“Corapeake,” the multi-media exhibit that birthed an award-winning film about the small North Carolina town, will premier at Wake Forest University Oct. 11. The exhibit runs through Nov. 13.
The Hanes Gallery exhibit features photographer Kendall Messick’s black-and-white photographs accompanied by a soundtrack of original music composed for the project by blues artist John Hammond. Scenes from the town and its people will be interspersed with collages of photographs, old newspaper clippings and Messick’s handwritten notes. The film adaptation of the exhibit, recently named best documentary at the Cinevue Film Festival in Florida, will also be shown.
The project that started out of a friendship between two Wake Forest students —the artist, Messick, and Brenda Parker-Hunt, a Corapeake native — has blossomed into a tribute that is garnering interest from public television stations, museums and galleries across the country. A writer at the Chicago Tribune called it one of the best portraits of American small town life he had seen in years.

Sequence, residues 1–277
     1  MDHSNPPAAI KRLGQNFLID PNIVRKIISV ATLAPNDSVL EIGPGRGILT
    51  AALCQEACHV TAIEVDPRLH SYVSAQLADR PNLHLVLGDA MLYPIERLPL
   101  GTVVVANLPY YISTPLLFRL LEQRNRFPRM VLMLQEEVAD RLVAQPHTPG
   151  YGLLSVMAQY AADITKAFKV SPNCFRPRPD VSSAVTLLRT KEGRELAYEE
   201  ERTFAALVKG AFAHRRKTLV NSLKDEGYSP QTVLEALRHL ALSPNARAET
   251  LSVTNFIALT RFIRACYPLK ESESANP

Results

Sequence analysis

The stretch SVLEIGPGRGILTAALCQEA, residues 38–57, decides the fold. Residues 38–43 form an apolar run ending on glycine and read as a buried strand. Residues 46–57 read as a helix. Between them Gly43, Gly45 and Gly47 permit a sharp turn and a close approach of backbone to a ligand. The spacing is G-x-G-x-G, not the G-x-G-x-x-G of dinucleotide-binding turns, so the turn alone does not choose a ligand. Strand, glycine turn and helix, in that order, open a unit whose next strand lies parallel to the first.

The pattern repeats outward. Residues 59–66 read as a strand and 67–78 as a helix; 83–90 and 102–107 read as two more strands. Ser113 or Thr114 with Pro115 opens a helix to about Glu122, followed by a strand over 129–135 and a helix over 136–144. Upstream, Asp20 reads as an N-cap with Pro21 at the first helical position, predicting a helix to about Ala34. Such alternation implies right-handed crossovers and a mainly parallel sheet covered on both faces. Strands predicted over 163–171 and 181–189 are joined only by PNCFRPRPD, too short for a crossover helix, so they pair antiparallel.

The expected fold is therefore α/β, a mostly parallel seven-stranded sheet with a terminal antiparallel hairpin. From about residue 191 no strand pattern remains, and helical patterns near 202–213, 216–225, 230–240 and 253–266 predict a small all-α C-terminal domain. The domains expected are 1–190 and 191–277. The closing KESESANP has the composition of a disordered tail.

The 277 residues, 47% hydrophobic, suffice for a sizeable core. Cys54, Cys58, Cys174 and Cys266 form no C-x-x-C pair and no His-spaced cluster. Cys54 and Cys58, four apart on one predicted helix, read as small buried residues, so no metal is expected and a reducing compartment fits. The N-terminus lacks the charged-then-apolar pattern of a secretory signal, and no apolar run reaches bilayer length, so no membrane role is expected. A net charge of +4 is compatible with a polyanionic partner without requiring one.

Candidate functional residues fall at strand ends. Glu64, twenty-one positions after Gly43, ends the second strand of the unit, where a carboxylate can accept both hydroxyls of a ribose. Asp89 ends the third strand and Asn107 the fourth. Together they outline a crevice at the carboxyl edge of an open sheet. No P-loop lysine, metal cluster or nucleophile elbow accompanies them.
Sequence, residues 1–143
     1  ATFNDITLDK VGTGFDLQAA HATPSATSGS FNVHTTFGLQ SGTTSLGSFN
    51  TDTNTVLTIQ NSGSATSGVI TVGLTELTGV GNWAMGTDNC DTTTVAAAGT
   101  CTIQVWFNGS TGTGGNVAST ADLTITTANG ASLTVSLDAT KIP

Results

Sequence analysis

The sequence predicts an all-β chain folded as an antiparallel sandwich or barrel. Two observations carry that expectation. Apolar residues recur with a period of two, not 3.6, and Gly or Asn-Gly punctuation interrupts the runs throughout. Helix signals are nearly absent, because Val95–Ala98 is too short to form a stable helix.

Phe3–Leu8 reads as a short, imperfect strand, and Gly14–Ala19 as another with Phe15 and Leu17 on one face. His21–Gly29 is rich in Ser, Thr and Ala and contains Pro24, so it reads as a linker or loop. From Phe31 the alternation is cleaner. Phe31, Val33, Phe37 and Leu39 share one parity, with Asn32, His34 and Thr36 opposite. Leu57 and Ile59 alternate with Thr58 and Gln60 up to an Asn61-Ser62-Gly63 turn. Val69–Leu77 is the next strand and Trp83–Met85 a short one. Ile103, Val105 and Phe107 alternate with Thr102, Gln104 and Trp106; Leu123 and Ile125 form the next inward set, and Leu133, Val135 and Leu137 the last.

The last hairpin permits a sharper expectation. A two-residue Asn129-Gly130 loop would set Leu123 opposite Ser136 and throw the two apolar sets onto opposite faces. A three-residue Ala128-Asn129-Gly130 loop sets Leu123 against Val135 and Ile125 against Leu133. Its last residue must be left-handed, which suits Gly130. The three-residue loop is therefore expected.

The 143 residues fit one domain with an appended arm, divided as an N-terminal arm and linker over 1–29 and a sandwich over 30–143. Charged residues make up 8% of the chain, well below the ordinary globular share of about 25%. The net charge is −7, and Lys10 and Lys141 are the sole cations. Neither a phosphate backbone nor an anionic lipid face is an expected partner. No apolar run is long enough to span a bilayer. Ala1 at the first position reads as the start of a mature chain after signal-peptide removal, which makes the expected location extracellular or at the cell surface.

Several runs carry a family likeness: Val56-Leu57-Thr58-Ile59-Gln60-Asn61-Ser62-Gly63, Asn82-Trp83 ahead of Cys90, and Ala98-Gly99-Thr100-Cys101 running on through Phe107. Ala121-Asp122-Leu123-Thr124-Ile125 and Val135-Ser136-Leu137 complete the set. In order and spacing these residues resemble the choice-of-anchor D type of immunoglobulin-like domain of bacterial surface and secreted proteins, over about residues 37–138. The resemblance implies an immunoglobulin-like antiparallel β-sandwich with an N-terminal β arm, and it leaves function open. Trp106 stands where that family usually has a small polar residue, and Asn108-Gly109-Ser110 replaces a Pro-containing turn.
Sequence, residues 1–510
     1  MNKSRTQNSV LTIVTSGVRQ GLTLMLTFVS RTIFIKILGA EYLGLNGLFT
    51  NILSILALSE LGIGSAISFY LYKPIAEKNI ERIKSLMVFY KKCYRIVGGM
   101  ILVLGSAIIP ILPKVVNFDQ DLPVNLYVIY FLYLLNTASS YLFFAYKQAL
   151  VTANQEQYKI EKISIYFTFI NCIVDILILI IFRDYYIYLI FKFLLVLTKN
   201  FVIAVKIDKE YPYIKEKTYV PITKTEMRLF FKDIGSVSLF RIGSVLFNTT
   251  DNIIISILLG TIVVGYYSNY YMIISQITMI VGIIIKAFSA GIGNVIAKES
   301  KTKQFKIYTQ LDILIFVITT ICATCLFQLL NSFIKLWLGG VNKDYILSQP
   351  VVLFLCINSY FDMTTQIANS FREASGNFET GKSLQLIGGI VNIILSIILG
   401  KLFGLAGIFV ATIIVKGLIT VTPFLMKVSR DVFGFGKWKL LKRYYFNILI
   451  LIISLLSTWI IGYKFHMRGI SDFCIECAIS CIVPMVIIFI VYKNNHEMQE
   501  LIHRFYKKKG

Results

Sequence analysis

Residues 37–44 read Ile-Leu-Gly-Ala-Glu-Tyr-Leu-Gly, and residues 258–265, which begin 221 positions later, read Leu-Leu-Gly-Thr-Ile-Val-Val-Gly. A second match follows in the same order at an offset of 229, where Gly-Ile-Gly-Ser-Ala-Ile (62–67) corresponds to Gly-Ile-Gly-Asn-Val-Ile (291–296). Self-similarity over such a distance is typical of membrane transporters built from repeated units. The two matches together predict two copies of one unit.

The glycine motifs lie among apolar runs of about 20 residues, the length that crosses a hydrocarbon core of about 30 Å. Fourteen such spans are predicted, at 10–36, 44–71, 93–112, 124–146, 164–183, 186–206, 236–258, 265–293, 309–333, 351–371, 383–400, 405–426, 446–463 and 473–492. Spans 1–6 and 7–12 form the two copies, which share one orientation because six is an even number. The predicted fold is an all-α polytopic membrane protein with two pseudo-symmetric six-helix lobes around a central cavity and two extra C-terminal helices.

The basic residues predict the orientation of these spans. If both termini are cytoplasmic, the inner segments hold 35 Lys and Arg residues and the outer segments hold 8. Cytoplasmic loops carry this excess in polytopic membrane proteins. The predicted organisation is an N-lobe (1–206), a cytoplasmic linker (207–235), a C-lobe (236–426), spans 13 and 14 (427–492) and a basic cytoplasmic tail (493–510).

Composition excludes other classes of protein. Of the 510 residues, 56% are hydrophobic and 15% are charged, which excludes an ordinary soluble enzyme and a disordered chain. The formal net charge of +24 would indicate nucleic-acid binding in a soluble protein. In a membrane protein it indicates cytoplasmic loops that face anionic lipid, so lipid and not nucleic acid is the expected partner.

“This is really a metaphor for the entire South,” says Messick.
Note to Editors: Images from “Corapeake” are available upon request. To arrange an interview with Messick, contact Sarah Mansell. For the full release on the Hanes Gallery’s October exhibits, visit the News Service Web site, www.wfu.edu/wfunews
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